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After the hike we continued on the tour and went to the national museum of Bhutan which was the only part of the tour that I would say pass on. The best part of the museum is the building itself which is directly over the Paro Dzong. The Dzong is kind of like a mosque for Buddhists and has monks praying and learning and there is a large open area and you have to take your shoes off of course. They are very beautiful and the Paro Dzong is one of the largest in Bhutan.
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After the Dzong we drove about 50km to the capital city of Thimpu. Thimpu is more of a big town as there are no cities in Bhutan. The Parliament and Kings Palace are in Thimpu and the city is very picturesque and has an amazing viewpoint that overlooks the whole city.

The King is worth noting as well because he is 29 years old, educated at Oxford, and was given power last year becoming the 5th King in Bhutan’s history after his father abdicated. The King is also very good looking according to my guide and some other tourists I came across and is apparently a very sought after bachelor in Bhutan. I’d imagine it must be good to be King of Bhutan at 29.

Anyway, all in all Bhutan is one of the best bang for your buck destinations on Earth and I am so happy I was able to get there. I only wish I had more time as I would’ve liked to have done a trek but for the price tag, you’re better off in neighboring Nepal, Tibet or India. However, the land of the thunder dragon is the type of place that will stay with me for years. The kind of place you wish every place could be like. It’s a place that hasn’t given in to the modern age and where gross national happiness is more important than gross national product. I hope everyone can get to Bhutan at some point because it is one of a kind. With regards to the hefty price tag, one of the Aussie tourists I met said it perfectly, “It keeps the riff raff out”. Kind of funny, especially coming from an Aussie but she was right at the same time and Bhutan has done just that and I hope it stays unique and doesn’t give up its identity.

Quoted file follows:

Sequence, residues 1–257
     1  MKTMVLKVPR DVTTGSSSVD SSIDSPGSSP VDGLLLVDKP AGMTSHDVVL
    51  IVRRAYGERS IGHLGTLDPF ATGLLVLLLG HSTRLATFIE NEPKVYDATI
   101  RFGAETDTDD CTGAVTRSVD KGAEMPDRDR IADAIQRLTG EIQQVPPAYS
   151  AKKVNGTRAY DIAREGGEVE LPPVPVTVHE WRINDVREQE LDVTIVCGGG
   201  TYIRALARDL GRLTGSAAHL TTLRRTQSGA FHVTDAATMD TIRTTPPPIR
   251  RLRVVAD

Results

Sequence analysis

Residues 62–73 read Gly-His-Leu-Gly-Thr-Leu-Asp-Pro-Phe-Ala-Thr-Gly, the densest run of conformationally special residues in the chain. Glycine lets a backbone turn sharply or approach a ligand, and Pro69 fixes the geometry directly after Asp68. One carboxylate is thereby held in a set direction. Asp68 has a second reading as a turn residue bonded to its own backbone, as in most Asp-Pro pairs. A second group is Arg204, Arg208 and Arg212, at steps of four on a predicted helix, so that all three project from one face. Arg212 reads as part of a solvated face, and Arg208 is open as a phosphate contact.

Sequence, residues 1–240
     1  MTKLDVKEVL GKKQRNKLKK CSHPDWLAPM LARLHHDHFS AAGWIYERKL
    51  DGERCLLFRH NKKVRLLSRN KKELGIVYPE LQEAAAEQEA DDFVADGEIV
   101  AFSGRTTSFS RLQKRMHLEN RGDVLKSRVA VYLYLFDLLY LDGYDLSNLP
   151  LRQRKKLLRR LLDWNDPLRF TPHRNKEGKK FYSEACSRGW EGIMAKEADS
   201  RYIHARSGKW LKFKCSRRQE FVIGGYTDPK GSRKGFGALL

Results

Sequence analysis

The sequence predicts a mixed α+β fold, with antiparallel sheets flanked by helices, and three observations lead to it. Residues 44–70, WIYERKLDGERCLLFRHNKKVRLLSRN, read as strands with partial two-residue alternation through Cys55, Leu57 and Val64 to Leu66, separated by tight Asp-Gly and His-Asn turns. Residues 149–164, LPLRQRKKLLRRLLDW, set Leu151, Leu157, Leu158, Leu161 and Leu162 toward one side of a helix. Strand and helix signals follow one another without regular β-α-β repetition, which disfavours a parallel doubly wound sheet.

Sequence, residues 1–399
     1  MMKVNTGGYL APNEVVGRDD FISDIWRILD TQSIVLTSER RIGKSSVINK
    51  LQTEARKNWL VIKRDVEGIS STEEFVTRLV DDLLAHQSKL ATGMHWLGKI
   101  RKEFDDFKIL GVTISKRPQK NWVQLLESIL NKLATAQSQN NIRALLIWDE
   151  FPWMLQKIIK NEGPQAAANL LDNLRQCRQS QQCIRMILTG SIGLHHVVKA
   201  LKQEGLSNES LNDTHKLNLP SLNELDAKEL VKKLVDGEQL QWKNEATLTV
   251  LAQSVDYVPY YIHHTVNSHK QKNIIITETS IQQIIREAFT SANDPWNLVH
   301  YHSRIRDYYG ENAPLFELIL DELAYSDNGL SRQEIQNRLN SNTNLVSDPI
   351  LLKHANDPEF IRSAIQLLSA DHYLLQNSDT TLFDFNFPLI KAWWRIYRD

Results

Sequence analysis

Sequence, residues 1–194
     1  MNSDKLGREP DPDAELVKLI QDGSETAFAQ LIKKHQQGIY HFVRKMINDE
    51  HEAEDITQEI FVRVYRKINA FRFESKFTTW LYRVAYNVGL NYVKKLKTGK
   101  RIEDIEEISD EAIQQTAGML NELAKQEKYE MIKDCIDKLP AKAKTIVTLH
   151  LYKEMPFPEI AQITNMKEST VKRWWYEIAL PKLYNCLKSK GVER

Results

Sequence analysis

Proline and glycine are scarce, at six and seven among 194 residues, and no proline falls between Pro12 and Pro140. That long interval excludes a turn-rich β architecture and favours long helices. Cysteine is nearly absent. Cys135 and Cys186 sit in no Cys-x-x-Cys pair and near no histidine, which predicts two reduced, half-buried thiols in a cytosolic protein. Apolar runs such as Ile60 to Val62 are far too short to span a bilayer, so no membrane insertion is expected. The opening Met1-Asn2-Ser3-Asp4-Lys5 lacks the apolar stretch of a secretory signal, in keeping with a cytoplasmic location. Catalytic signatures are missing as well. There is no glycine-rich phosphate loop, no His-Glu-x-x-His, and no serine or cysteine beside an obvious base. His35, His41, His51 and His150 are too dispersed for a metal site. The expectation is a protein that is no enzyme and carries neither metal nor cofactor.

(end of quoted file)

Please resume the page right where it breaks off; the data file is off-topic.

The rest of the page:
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Comments

  1. William says:

    Great pictures. I have always wanted to get there too but that pricetag is outrageous. Seems like you really liked it though so maybe I will suck it up and go next time I am in Asia. Safe travels.

  2. Why is it $200 a day? I don’t understand, don’t they fancy heaps of tourists who bring revenues? I assume that keeps all budget/backpackers out or is that what they are trying to do?

  3. Hey Jemma, good to see you on the board again. They are trying to keep it different from the rest of South Asia. They want a nigh class tourist who really wants to visit Bhutan as opposed to backpackers who tend to linger and look for bargains.

    The government has set the tariff at $200 and will be changing it up to $250 a day soon. The fee is all inclusive so if you think about it, you’re actually getting a pretty good deal. If you were to pay for a nights hotel in a nice resort plus all day driver, guide, food and entrance fees that would be well over 200 a day so I felt like I got a good deal or at least that’s what I told myself, haha. But really if you break it down its not a bad deal and as I said in the post, it is meant to keep the riff raff out that infests neighboring countries like Nepal and India.

    This also sets Bhutan apart as they are trying minimize western influences and keep their country pristine while creating an aura on mystery. I for one, think its great! Take care.

  4. Wow those are amazing pictures. I just googled the tigers nest and your pictures are as good as the pros. I would love to see that one day. I had never even heard of Bhutan! Safe travels.

  5. Beautiful! :) now I want to visit there…the pictures look really colorful..is it relaxing there?

  6. Richard M says:

    Hello Lee, your lovely post and brilliant pictures have sparked memories of my trip to Bhutan several years ago. It sounds like little has changed since my wife and I were there about 8 years ago.

    The Tigers Nest was closed when we were there and your pictures have made me want to go back to see it.

    I have not travelled as much as you but Bhutan is a very special place to me and its nice to hear that you be so travelled and much younger than me feel the same and can appreciate the uniqueness of the great land. I am enjoying reading more of your adventures and good luck on your journey.

  7. My wife and I are now planning to go to Bhutan over Christmas for one of the festivals. I was going to ask you which company you used but I see you already listed it.. several hundred tour companies to choose from makes it difficult to decide!